The cost of electricity for IGCC with capture and Enhanced Oil Recovery is 4-8¢/kWh. For this study the cost of electricity at 6.74¢/kWh [17] will be used. In general, there is a 1-2¢/kWh increase in price for IGCC plant to adopt carbon capture technology. For a 500MW plant, the cost of electricity is $29.5 million/year and $885 million/life time of 30 years [17].The Operating and Maintenance cost is about $31.2/year or for entire life it is $936 million [21]. If carbon dioxide will be transferred via pipeline onshore from the Nanticoke Power Generation center is southern Ontario to Weyburn oil field in Saskatchewan, which is approximately 1500 miles, it is calculated to cost approximately $25/t CO2 [20].

Indirect costs include environmental, health, and social costs. The major environmental benefit of the Carbon Capture and Storage system is that it decreases atmospheric emissions of carbon dioxide by 90%. This will play a major role in alleviating global warming in the future. If carbon sequestration is made commercially available worldwide, and if governments work together to enforce policies for decreased emissions, this global warming crisis can be averted. This technology can not only be retrofitted to power plants, but all industrial and commercial sites emitting carbon dioxide. This technology will help Ontario become a leader in power generation and it will play a major role in Canada’s plans to meet its Kyoto protocol commitment as Ontario still heavily relies on fossil fuels.

SLCA Highlights[edit]


Cost Tables[edit]

Table 3.JPG


Table 4.JPG


Table 5-2.JPG


Table 6.JPG


See Also[edit]


Reference[edit]

  1. Ontario Power Generation, Available at: http://www.opg.com [Accessed:March 2008]
  2. 2.0 2.1 2.2 Ontario Power Generation “Nanticoke Generating Station”, Available at: http://web.archive.org/web/20070306093244/http://www.opg.com/pdf/brochure_nanticoke.pdf [Accessed:March 2008]
  3. C.T. Hendrickson, L.B. Lave, and H.S. Matthews, Environmental Life Cycle Assessment of Goods and Services: An Input-Output Approach, Washington: Resources for the Future, 2006
  4. Cite error: Invalid <ref> tag; no text was provided for refs named five
  5. “Why Choose Coal?: The case for coal in power generation”, International Coal Development Institute, London, 1988
  6. 6.0 6.1 Matthews and Lave 2000 Applications of Environmental Valuation for Determining Externality Costs Environ. Sci. Technol. 341390-5
  7. EcoGeneration Solution LLC. Companies, “Integrated Gasification Combined Cycle”, Available at: http://www.cogeneration.net/IntegratedGasificationCombinedCycle.htm
  8. Wikipedia, “Integrated Gasification Combined Cycle”, Available at: http://en.wikipedia.org/wiki/Integrated_Gasification_Combined_Cycle
  9. Coal21, “ADVANCED POWER GENERATION TECHNOLOGIES”, Available at: http://www.coal21.com.au/IGCC.php
  10. Noel Simento, Australian Black Coal Utilisation Research Limited, “IGCC Power Generation”, Available at: http://www.ccsd.biz/factsheets/igcc.cfm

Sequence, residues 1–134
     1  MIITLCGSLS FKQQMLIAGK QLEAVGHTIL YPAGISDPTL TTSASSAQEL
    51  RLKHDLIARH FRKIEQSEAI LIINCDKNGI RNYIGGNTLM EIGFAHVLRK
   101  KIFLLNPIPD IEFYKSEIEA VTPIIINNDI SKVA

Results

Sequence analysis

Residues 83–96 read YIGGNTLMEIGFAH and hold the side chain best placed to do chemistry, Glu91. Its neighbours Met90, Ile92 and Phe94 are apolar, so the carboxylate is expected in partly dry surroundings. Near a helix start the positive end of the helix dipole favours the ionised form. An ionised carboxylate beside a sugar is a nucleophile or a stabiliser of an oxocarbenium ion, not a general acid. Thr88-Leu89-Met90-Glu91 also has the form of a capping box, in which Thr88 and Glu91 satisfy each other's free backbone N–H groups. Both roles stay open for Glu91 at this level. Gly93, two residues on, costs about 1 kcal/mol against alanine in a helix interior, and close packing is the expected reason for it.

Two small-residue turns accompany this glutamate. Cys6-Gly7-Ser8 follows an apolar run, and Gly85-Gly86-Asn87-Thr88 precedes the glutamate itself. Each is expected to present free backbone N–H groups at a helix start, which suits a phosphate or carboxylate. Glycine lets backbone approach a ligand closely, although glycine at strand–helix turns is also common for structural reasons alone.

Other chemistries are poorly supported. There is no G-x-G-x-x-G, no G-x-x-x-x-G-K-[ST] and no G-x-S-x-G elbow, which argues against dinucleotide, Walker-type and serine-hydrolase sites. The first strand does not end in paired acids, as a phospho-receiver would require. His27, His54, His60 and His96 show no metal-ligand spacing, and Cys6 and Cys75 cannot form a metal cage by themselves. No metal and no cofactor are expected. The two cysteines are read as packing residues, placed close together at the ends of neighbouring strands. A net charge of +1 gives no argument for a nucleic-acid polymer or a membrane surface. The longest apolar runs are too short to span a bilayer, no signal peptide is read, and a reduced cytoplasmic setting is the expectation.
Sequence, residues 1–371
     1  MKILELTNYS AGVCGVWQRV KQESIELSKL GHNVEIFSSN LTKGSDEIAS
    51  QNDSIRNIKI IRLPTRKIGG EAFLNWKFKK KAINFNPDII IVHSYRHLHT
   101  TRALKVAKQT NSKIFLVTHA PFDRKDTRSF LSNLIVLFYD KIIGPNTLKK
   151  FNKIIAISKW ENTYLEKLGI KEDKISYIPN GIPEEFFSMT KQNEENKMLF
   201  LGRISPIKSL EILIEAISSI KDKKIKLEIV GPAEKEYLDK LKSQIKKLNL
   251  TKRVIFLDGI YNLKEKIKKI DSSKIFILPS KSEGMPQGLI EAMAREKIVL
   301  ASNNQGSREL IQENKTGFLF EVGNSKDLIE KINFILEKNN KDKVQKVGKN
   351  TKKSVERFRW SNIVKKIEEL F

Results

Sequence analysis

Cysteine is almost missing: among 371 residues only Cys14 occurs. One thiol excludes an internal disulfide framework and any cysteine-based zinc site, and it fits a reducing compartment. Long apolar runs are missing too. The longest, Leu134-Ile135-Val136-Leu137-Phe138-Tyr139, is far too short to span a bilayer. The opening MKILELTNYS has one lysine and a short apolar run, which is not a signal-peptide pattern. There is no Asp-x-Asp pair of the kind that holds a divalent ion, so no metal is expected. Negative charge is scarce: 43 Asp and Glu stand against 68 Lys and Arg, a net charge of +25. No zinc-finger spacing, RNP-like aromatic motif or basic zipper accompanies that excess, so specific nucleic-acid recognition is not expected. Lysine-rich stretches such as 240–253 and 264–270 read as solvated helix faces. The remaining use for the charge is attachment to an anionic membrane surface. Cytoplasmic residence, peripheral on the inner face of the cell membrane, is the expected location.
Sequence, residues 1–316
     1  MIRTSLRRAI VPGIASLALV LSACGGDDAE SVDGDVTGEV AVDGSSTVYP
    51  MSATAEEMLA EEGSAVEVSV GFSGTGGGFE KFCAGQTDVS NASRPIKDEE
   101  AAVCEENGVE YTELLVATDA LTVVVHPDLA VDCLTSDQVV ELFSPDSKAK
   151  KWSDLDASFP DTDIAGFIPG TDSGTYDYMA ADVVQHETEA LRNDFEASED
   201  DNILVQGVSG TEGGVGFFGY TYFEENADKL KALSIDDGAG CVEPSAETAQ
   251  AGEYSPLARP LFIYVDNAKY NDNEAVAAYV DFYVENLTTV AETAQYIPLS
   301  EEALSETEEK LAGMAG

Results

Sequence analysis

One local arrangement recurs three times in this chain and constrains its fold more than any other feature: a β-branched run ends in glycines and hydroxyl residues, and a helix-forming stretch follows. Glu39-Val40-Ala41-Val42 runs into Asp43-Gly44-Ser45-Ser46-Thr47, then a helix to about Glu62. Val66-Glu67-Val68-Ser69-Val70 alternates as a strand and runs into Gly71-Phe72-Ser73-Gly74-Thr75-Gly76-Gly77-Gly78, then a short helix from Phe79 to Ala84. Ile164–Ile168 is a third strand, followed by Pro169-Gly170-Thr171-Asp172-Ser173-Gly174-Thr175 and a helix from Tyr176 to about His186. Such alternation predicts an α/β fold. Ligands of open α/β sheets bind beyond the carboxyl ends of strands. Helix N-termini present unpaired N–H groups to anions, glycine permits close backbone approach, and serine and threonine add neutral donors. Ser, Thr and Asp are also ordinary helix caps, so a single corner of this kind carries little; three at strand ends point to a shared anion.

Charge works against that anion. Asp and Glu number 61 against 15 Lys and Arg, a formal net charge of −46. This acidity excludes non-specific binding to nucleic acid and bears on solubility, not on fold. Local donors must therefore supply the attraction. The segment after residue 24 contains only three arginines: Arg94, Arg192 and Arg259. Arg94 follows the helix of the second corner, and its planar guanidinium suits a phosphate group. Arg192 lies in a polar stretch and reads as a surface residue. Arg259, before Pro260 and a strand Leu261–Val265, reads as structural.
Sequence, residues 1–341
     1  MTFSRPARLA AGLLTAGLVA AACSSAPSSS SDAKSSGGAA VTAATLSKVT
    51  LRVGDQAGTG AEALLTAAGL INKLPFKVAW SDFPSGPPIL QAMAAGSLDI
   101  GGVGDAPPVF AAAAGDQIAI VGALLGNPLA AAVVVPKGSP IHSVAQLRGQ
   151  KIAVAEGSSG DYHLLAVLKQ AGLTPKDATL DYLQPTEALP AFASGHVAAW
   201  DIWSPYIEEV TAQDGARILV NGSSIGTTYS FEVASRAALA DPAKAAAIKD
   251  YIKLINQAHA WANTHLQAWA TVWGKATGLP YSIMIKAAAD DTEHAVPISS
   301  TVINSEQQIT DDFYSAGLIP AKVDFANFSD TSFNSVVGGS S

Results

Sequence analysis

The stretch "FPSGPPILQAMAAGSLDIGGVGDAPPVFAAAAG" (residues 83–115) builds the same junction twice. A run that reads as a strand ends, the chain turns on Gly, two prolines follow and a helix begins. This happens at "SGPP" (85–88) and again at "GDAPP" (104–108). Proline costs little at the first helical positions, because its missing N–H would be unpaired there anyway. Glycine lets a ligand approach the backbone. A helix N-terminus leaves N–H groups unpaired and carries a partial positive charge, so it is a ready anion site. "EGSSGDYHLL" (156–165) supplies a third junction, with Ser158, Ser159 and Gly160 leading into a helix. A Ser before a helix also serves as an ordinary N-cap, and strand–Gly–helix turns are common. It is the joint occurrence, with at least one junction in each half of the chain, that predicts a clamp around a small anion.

11. 11.0 11.1 Julian Stevas, Ontario Power Authority, “Integrated Gasification and Combined Cycle (IGCC)– Overview and Status”, Available at: http://www.energy.gov.on.ca/opareport/Part%203%20-%20Background%20Reports/Part%203-8%20IGCC%20Overview%20and%20Status.pdf
  12. 12.0 12.1 Nancy LaPlaca, Energy Justice, “FACT SHEET: “Clean Coal” Power Plants (IGCC)”, Available at: http://www.energyjustice.net/coal/igcc/factsheet.pdf
  13. Teresa Hansen, Power Engineering International, “Coal Combustion Products: Trash or Treasure?“, Available at: http://pepei.pennnet.com/display_article/260512/6/ARTCL/none/none/1/Coal-Combustion-Products:-Trash-or-Treasure?/
  14. Paul Gaipe, Ontario Ministry of Energy, “Coal's High Environmental & Social Cost in Ontario”, Available at: http://www.wind-works.org/articles/OntarioCostofCoalStudyReview.html
  15. 15.0 15.1 DSS Management Consultants Inc. RWDI Air Inc, Ontario Ministry of Energy, “Cost Benefit Analysis:Replacing Ontario’s Coal-Fired Electricity Generation, Available at: http://web.archive.org/web/20050522071007/http://www.energy.gov.on.ca/english/pdf/electricity/coal_cost_benefit_analysis_april2005.pdf
  16. Wikipedia. “Carbon Capture and Storage” Available at: http://en.wikipedia.org/wiki/Carbon_sequestering
  17. 17.0 17.1 17.2 Howard Herzog and Dan Golomb. “Carbon Capture and Storage from Fossil Fuel Use” Available at: http://web.mit.edu/coal/working_folder/pdfs/encyclopedia_of_energy.pdf
  18. 18.0 18.1 Dave Cohen. The Oil Drum. “Weyburn, CO2 injection and Carbon Sequestration”. December 15, 2004. Available at: http://www.theoildrum.com/story/2005/12/12/18171/178
  19. 19.0 19.1 Dan Kubek et al. EPRI. “CO2 Capture Retrofit Issues” Available at: http://www.gasification.org/Docs/2007_Papers/28KUBE.pdf
  20. 20.0 20.1 20.2 Alternative Energy Resources Organization. “Clean Coal Controversy” Available at: http://www.aeromt.org/clean%20coal.php
  21. Jeremy David and Howard Herzog. Massachusetts Institute of Technology (MIT). “The Cost of Carbon Capture” Available at: http://netl.doe.gov/publications/.../01/carbon_seq_wksp/David-Herzog.pdf